Anti-government protestors wait in front of a parliamentary building in Kiev on Feb. 25. A contingent of Marine security guards has deployed to the Ukrainian capital to shore up security at the U.S. Embassy. (BULENT KILIC/AFP via Getty Images)
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Members of the Marine Corps’ new Security Augmentation Unit have been dispatched to shore up security at the U.S. Embassy in Ukraine, as the country is on the brink of a meltdown following weeks of violent unrest after a growing protests over agreements made between the former president and Russian leaders.
Marine security guards based in Quantico, Va., have deployed to Kiev, the Ukrainian capital, according to a State Department official who spoke on the condition of anonymity. The official would not provide the number of Marines requested by the department, but NBC News reported that nine have deployed.
There’s no indication that any additional U.S. military forces in the region have been tapped to ready for any further action, according to the State Department official.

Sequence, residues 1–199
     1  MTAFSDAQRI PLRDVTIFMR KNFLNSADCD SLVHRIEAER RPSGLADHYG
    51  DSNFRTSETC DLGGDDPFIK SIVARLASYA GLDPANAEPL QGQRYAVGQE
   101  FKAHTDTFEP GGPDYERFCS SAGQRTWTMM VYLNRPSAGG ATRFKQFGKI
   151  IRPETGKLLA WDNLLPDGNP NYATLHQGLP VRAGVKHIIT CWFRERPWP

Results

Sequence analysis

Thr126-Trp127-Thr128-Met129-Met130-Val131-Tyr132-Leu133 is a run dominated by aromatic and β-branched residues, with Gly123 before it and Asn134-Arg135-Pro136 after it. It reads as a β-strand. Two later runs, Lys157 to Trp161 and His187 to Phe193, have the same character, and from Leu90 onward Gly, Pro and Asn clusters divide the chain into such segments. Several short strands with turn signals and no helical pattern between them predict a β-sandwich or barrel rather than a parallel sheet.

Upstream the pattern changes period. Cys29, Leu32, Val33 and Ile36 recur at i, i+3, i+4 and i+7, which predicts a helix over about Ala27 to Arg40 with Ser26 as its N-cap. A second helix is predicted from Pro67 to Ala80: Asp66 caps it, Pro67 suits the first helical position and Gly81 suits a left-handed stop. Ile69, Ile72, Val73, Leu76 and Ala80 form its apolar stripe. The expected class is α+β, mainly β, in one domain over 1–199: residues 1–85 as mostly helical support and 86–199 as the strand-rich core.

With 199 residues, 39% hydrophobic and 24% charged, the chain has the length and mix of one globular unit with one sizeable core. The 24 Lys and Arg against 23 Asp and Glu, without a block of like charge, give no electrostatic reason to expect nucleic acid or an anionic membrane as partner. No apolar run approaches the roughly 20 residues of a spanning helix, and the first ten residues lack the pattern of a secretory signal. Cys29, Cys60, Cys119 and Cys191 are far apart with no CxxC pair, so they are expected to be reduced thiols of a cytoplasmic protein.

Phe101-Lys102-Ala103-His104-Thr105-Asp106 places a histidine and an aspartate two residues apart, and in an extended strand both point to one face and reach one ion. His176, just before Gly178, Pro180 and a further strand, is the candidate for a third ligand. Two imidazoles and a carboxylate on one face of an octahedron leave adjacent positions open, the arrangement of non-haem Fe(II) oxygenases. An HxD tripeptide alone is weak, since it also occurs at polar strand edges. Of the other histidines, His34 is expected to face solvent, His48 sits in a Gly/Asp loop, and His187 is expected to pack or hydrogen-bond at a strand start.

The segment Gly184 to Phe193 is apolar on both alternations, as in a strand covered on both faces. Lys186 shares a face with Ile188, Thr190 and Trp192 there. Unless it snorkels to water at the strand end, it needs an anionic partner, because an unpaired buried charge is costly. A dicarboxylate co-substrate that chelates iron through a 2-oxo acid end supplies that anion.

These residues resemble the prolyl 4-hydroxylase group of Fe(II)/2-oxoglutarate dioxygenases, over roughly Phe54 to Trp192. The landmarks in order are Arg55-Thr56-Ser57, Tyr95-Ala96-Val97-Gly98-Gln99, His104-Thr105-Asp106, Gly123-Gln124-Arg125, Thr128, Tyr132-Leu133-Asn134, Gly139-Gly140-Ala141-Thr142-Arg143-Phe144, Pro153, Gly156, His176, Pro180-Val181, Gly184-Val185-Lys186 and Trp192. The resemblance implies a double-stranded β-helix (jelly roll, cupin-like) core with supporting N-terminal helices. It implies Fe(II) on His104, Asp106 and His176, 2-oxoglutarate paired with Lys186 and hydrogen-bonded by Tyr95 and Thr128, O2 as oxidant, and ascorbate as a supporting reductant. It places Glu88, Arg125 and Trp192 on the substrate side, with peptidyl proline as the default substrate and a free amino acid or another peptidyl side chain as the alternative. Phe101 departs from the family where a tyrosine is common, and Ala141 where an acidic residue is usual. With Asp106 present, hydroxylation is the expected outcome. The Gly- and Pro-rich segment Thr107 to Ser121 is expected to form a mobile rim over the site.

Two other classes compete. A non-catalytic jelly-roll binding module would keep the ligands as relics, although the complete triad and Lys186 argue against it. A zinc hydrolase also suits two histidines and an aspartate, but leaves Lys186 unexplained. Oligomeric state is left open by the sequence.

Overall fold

Ukraine’s acting government issued a warrant Monday for the arrest of former President Viktor Yanukovych, who fled last week after signing a deal with opposition leaders to end months of violent clashes between protesters and police. Yanukovych is accused of killing 82 people, mainly protesters, during one of the bloodiest weeks in Ukraine’s post-Soviet history.
The members of the Marine Security Augmentation Unit — or MSAU — will assist the existing detachment of Marines guarding the embassy, according to the official. The unit was created as part of the service’s response to boost diplomatic security capabilities following the 2012 terrorist attack on the U.S. consulate in Benghazi, Libya, which left four Americans dead, including Ambassador J. Christopher Stevens.
The MSAU is made up of specially trained Marine security guards. The unit dispatches squad-size teams wherever and whenever a need for reinforcement arises, and can respond directly to calls from the ambassador, chief of mission or regional security officer at an embassy that’s in trouble.
The unit has been tapped to boost security at diplomatic posts at least a dozen times since it was stood up last year.
The Associated Press contributed to this report.